Mr. Sweet is a sick old man whose multiple ailments bring him often to the brink of death; the narrator’s father and the children would call him back from his deathlike state by calling “To hell with death!” and surrounding him with affection. The story describes Mr. Sweet lovingly so that the reader can see that someone others might reject as a person of no account (he gets drunk on his own home brew and chews tobacco) is in fact important to the family and to the town. The “resurrections” in which the children participate hide from them the reality that death is permanent. Finally, when the narrator is away at college, Mr. Sweet gets sick again, and this time no one can call him back. After his death, the family celebrates him, and the narrator accepts the gift of Mr. Sweet’s guitar, which she plays in his memory.
Published originally as adult short fiction and included in Walker’s collection In Love and Trouble, this clear, gentle short story needed only the addition of some fine illustrations to become a children’s book, where its message of acceptance and inspiration is transparent. It is different from other children’s stories of death because it does not hide the unacceptable parts of the main character and because it does not offer any traditional consolations, only that of remembered affection. It represents a child’s viewpoint (remembered, as the narrator is now grown up) of a society in which affection and tolerance for difference are important values.
Mr. Sweet Little was a diabetic, alcoholic, guitar-playing, tobacco-chewing, tall, thin, dark-brown man whose hair and straggly mustache were the color of Spanish moss. He lived alone on a neglected cotton farm down the road from the narrator and her family. Over a period of many years, Sweet Little and the children participated in a ritual that was an important element in the lives of all. When Mr. Sweet was feeling the worst, the bluest, the sickest-at-heart a man could be, he would take to his bed and the doctor would declare that old Mr. Sweet was dying. The narrator’s father would declare, “To hell with dying, man, these children want Mr. Sweet!” and the children would swarm around the bed and throw themselves on top of the dying man. Always the youngest child would kiss the wrinkled brown face and tickle the motionless body until it began to shake with laughter. These things were done to keep Mr. Sweet from dying. The children performed the ritual naturally for many years. No one told them what to do—they played it by ear. So it was that Sweet Little was repeatedly rescued from the brink of death by love, laughter, and the innocent belief of children. As the youngest child in the neighborhood, the narrator led these revivals for the last part of Mr. Sweet’s life.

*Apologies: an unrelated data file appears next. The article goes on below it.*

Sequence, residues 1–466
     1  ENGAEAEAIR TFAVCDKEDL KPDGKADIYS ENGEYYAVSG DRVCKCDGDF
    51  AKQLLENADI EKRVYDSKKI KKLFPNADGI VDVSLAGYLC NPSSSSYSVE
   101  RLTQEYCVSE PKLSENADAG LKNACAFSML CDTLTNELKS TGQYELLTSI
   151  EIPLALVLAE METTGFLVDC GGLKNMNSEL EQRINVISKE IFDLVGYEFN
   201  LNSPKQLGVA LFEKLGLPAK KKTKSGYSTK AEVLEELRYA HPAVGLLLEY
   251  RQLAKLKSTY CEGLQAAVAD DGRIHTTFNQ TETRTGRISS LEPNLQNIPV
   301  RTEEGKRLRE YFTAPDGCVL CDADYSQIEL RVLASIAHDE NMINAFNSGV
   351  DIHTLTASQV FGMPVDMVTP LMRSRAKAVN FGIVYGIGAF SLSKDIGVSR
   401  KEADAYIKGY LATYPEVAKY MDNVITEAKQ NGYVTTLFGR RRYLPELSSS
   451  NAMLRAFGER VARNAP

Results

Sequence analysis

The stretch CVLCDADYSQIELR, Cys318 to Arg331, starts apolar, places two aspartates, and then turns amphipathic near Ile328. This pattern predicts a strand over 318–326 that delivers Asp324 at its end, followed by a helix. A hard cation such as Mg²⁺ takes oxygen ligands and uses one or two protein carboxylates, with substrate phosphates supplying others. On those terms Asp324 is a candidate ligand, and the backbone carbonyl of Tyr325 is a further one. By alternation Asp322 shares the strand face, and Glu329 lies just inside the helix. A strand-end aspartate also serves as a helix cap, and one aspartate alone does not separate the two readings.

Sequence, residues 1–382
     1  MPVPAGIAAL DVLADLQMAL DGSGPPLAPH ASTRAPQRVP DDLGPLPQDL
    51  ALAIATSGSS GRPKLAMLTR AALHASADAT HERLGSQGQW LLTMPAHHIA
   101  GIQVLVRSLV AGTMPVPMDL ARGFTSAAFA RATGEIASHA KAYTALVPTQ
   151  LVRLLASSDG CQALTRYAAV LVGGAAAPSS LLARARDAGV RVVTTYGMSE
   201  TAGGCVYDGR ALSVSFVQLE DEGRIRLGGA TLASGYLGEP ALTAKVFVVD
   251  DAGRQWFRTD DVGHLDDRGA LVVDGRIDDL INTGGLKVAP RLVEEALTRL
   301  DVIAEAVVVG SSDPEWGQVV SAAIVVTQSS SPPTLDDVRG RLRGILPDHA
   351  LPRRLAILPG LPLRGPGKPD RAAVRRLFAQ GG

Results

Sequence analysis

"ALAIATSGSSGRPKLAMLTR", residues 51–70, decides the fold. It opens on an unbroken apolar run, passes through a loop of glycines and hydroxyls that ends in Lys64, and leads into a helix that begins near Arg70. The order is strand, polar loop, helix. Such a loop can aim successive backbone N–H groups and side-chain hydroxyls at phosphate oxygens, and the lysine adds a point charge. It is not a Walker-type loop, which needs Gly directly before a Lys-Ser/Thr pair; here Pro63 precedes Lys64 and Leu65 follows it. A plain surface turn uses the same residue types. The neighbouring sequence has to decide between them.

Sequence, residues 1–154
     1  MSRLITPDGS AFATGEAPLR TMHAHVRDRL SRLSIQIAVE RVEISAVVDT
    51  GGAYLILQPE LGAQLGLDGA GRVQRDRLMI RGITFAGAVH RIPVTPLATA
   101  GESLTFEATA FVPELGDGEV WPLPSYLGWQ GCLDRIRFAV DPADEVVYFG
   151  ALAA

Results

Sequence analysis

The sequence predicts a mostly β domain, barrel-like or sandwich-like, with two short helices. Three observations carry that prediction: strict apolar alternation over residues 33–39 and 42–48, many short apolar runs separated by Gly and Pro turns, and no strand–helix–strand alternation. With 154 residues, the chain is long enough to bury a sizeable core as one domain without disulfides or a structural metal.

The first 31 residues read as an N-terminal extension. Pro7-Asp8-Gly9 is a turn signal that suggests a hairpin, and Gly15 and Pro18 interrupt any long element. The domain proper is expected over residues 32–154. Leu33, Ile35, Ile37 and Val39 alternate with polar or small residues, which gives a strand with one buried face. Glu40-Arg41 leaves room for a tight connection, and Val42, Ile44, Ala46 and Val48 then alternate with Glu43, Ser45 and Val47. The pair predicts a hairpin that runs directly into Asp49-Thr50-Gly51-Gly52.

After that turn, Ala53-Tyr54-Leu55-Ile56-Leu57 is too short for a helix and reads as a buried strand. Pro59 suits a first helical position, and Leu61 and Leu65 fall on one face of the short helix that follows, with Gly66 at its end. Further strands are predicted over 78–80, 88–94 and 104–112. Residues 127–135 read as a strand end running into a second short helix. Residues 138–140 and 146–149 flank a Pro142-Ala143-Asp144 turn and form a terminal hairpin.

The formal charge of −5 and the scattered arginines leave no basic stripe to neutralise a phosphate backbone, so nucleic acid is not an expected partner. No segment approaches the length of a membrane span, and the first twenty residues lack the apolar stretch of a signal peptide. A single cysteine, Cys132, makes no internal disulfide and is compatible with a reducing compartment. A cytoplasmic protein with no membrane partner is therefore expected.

Sweet Little was kind and gentle, even shy with the children—an ideal playmate. Often so drunk that he was as weak as they, he was able to act sober when drunk, a talent that enabled him to carry on fairly coherent conversations. The narrator’s mother never held his drunkenness against him and always let Mr. Sweet and the children play together.
Once an ambitious person, Mr. Sweet had wanted to be a...
(The entire section is 866 words.)